Journaling in CSD

We’ve been hearing a lot about journaling from CSD teachers. Whether it’s digital or paper, OneNote or Google Slides, journals can look different in every classroom, and every teacher has their own tips and resources on how to get kids to write down their thinking. We’d love to hear more from teachers about how you are using journaling in your classes.

  • Do you journal every day?

  • How do you use the journaling prompts in your classroom?

  • Do you any outside journaling resources?

  • Do you prefer digital or paper?

We’re interested in finding ways that we can better support teachers and students in this practice, and we’d like to incorporate the strategies that are working best for you. Reply below to join the discussion!

Elizabeth

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I only have kids every other day, so I am not having them journal every single day. Many times I will take prompts from the curriculum that I feel are really hitting the heart of what they need to learn and turn them into journal entries. Sometimes a quick journal entry is an entrance or exit ticket. I usually do paper journals to save time (with middle schoolers, it can be more of a challenge to get everyone in the right place at about the same time, then you have distractions or kids just want to code, so they just skip the journal entry in favor of going on to code.org.).

This year, I am trying to use seesaw as a digital journal. I also use schoology. I find that turning some prompts into discussion boards is a great way to get students interacting and it is a quick way for me to see how well students are grasping the concept. With discussion boards, I usually provide students with sentence starters so they know how to respond to each others comments in a polite and helpful way (ex. I disagree with what ___ said because, I have a question about… etc.)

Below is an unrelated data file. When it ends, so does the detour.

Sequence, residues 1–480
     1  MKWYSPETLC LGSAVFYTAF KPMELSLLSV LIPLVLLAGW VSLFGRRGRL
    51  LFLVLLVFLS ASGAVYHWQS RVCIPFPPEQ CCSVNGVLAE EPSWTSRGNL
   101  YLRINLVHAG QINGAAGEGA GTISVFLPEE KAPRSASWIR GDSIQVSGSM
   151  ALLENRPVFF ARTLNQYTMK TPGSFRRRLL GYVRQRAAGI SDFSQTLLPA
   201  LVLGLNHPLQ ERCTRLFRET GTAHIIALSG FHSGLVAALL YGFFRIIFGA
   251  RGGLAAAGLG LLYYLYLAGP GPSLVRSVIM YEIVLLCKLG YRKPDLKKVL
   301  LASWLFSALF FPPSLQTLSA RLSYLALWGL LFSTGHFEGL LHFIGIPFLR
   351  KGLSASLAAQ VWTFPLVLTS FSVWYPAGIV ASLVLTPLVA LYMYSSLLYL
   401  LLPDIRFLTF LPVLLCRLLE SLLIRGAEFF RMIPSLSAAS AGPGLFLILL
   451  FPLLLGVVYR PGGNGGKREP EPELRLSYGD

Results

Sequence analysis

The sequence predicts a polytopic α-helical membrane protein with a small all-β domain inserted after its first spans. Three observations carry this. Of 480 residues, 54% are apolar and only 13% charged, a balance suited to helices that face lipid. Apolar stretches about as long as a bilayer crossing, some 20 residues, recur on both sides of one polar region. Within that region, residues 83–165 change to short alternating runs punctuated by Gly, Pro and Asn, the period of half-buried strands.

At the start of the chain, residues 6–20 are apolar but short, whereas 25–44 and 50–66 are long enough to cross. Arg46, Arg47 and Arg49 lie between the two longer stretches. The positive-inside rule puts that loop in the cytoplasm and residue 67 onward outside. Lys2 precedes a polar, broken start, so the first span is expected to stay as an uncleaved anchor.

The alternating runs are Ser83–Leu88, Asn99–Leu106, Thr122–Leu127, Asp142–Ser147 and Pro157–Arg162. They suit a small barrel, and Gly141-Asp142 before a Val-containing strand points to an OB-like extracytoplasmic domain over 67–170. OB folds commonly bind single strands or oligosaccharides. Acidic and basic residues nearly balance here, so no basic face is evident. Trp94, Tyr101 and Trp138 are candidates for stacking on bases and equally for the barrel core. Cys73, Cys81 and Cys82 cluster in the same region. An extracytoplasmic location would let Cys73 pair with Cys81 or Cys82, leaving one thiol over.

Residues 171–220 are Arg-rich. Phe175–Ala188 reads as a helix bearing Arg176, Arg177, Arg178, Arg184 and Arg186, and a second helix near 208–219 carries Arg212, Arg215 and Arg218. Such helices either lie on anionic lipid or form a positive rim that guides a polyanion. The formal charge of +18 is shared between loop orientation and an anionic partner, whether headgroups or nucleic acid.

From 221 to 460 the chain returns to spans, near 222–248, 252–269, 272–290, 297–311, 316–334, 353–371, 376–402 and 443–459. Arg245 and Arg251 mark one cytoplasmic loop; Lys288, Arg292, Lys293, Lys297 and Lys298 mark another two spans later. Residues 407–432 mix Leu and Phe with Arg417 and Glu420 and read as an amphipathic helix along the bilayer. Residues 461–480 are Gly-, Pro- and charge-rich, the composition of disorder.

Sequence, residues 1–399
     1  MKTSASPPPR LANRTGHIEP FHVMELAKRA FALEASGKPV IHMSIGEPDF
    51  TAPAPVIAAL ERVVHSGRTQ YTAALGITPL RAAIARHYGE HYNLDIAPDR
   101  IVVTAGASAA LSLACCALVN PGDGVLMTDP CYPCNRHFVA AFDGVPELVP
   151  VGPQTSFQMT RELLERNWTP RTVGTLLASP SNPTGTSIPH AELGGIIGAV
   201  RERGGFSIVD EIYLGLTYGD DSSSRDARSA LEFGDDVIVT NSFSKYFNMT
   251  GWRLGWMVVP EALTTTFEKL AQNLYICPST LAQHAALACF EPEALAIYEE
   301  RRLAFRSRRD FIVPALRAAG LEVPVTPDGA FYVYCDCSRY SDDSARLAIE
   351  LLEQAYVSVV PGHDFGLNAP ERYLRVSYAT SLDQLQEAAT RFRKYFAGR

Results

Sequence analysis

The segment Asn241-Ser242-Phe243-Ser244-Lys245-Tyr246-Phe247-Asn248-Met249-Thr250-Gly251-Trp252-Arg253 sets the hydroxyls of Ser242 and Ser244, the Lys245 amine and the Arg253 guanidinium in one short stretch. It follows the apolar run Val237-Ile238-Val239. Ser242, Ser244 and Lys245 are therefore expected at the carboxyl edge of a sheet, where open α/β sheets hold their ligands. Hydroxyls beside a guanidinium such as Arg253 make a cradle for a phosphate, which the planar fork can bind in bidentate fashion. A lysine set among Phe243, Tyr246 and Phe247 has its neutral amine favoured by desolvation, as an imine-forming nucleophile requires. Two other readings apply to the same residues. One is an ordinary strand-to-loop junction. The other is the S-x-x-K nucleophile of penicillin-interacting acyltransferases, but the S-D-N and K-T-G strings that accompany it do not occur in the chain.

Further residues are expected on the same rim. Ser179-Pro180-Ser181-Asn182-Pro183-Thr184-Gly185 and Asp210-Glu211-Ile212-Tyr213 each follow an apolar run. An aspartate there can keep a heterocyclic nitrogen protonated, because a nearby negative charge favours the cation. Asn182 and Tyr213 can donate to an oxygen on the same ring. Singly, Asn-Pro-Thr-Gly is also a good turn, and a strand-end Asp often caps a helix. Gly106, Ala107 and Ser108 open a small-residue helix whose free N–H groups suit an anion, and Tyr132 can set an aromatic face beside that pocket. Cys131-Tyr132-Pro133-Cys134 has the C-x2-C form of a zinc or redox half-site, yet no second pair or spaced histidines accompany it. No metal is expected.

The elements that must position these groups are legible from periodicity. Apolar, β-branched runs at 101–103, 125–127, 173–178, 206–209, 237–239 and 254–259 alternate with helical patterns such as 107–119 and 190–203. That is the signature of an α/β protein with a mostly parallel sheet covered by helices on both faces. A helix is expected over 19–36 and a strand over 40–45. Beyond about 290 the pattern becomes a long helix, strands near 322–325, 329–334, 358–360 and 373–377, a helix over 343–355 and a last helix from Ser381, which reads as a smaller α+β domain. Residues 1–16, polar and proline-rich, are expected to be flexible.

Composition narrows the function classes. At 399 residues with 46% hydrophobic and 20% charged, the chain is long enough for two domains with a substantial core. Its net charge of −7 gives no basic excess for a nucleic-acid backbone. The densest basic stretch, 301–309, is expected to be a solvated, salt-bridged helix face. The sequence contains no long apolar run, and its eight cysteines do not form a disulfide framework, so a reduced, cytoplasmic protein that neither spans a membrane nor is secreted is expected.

I like having the students keep a journal, so they can go back through their entries at the end of the year and incorporate them into their year long portfolio.

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I use Edublogs with my students. It gives them the opportunity to blog online, as a part of the online community, but with me as a buffer. I give prompts and they answer there. I then have them put the link as an answer to a google classroom question so I can keep track of them as a grade. It solves the problems of the “I forgot my journal today.” And I can give side lessons on intellectual property and have them use the lessons immediately.

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I have my students video journal with some of the prompts provided in the curriculum with Flipgrid it allows students to respond with what they are problem solving and then allows other students to respond to them with a supportive solution.

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